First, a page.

If you're like many people, your basement is one of the most underutilized rooms in your home. At most, you use it to store items you aren't sure what else to do with. At least, it sits dark and empty. But if you find yourself wishing you had more space in your home or looking for something to do with your basement, why not turn it into the ultimate family room? No matter the size or shape, these tips can help you plan a space that is both fun and functional — and the ultimate hangout for your family and friends.
If you have younger children, an open layout is the best design for a basement family room. It allows you to relax and watch TV or even work if you're working from home, all while keeping an eye on the little ones as they play. And, it may not seem like it, but an open layout is perfect for a multifunctional family room. Even though you don't have walls, it doesn't mean that the room shouldn't have space designated for different activities.
Start with a central seating area that everyone in the family can enjoy. You can relax after a long day of work or gather with the kids for family movie night. A comfortable sectional sofa is a great piece to use to set the layout. You can then fill in around it.
If you have young children, pick a corner of the space for toys, books and stuffed animals. Place shelving and a toy box along the walls. Use a small carpet and child-size furniture items, like a table and chairs, to make it clear that this is the space for playtime. That will help minimize kids' clutter throughout the rest of the room.
Perhaps you're working from home. Choose another corner to create a home office with a comfortable desk and chair and any shelving or storage you might need. Your home office space can double for a homeschooling area or virtual learning spot for older kids as well.
You can even turn other parts of the room into space to do what you love, whether you've alway wanted a craft room or your very own home gym. The open layout allows your family to spend time together without crowding each other.
The key to making the open layout work is to make sure each member of the family has a space in the family room that makes them feel comfortable. If you feel like you need more division, you can always use furniture to set a clear divide.
That's another bonus for using a sectional sofa. It almost creates a room around your entertainment center and sets clear boundaries. If your space is large enough, consider setting up sofas back to back. Perhaps one faces the media center for teens and adults in your home, while the other faces the play area for the younger kids. Console tables, bars, game tables and shelving can also help you create the illusion of individual spaces for the family in an open basement.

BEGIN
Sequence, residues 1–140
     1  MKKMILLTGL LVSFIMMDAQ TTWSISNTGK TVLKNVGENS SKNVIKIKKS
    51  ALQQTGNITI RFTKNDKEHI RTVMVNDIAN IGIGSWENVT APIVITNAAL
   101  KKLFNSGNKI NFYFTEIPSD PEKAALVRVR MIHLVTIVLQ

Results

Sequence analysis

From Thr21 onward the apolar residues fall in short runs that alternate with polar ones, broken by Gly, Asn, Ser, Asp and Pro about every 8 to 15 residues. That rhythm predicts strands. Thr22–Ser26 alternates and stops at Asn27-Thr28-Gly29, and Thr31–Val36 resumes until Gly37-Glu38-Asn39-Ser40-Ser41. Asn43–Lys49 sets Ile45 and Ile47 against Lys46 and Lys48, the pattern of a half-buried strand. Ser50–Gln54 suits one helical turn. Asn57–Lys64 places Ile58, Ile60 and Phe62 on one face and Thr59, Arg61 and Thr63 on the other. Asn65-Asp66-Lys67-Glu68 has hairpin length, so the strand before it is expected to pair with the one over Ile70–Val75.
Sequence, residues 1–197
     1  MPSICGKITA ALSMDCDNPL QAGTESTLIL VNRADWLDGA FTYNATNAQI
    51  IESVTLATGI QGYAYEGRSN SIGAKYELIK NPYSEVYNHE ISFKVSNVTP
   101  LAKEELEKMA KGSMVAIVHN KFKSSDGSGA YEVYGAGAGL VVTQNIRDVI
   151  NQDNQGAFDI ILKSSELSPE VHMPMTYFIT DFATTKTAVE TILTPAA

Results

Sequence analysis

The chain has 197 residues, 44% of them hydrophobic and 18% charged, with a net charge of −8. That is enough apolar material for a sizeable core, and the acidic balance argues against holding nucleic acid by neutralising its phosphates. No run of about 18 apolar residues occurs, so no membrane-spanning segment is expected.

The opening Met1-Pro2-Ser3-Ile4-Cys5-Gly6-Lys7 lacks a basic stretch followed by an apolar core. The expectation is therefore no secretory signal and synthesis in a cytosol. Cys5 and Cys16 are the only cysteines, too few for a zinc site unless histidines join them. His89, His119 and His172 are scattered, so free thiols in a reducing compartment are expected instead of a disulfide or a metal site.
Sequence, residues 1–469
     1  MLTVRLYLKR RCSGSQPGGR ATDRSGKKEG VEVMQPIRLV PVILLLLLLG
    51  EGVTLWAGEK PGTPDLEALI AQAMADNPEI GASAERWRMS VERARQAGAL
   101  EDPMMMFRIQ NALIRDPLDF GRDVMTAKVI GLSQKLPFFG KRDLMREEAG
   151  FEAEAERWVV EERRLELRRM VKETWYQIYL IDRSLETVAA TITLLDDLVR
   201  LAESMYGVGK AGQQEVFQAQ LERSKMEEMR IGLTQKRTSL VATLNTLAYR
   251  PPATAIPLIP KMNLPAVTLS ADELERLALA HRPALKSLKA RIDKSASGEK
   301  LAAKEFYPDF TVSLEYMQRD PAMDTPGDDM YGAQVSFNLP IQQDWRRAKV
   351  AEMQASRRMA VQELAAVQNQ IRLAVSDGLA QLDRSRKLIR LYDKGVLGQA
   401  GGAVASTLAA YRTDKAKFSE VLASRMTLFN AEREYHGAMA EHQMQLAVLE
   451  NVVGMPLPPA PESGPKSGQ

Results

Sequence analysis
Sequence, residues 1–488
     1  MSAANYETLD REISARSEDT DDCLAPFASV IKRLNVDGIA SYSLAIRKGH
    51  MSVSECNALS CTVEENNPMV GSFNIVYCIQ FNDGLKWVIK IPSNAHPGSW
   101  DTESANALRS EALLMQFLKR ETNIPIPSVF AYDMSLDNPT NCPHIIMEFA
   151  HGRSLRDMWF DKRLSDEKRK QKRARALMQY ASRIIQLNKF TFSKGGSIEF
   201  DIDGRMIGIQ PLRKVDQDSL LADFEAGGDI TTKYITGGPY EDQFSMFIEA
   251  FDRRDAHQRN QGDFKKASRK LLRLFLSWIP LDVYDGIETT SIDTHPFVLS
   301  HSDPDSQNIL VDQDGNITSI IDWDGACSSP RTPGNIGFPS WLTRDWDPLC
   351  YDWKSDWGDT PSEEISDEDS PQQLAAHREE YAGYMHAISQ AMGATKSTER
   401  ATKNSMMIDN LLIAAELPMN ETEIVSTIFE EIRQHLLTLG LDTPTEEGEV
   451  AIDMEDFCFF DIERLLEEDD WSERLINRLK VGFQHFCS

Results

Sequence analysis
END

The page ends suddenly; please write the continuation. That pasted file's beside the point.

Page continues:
Your family room should be the most comfortable spot in the house. When you set it up, make sure you add enough seating so that everyone in your family has a place to sit. And then add some more.
There will come a time when your brother and sister-in-law are in town to visit, or your daughter wants to have her first sleepover. If you have teens, there will be other kids in and out constantly, or you may just enjoy having friends over for game night.
Again, focus the majority of your seating around your TV and media center. Place accent chairs in other parts of the room so that guests can pull one up when necessary.
Speaking of having guests over, if you or your children like to entertain friends, your basement family room is the perfect spot to do so. As a matter of fact, if you're going to make any major renovations, adding a kitchenette is your best bet if you plan to use the room for entertaining.
Make sure you have a dining area, whether it's a full formal dining room table or a large coffee table at your sofa. You'll also want to make sure there's a flat surface within reach of all of your seating so guests have a place to put their drinks and plates.
If you're afraid that you'll lose storage space when you turn your basement into a family room, don't worry. It can still serve that purpose. Shelving and cabinets placed against unused walls can hold those seasonal clothes and holiday decorations. So can ottomans and coffee tables that double as storage space. While your basement ceiling may be low, take advantage of as much vertical space as you can with mounted shelving.
If you have children, you know they don't stay the same age forever. As your family grows and changes, so will your family room needs. That little play corner with the blocks and dolls will eventually become a desk for studying or spot for playing video games. The teen game room will eventually become the place where you entertain your own friends when the kids leave the nest.
For this reason, you should choose neutral items that will grow with your family. And if you're at a transitional stage of life — say your teens are a year or two from heading off to college — you may want to consider renting furniture instead of making a big investment.
When you choose CORT Furniture Outlet, you have the option to bring high-quality furniture into your home without breaking the bank. Our showrooms have pieces for every room and can be in your house the same day you buy.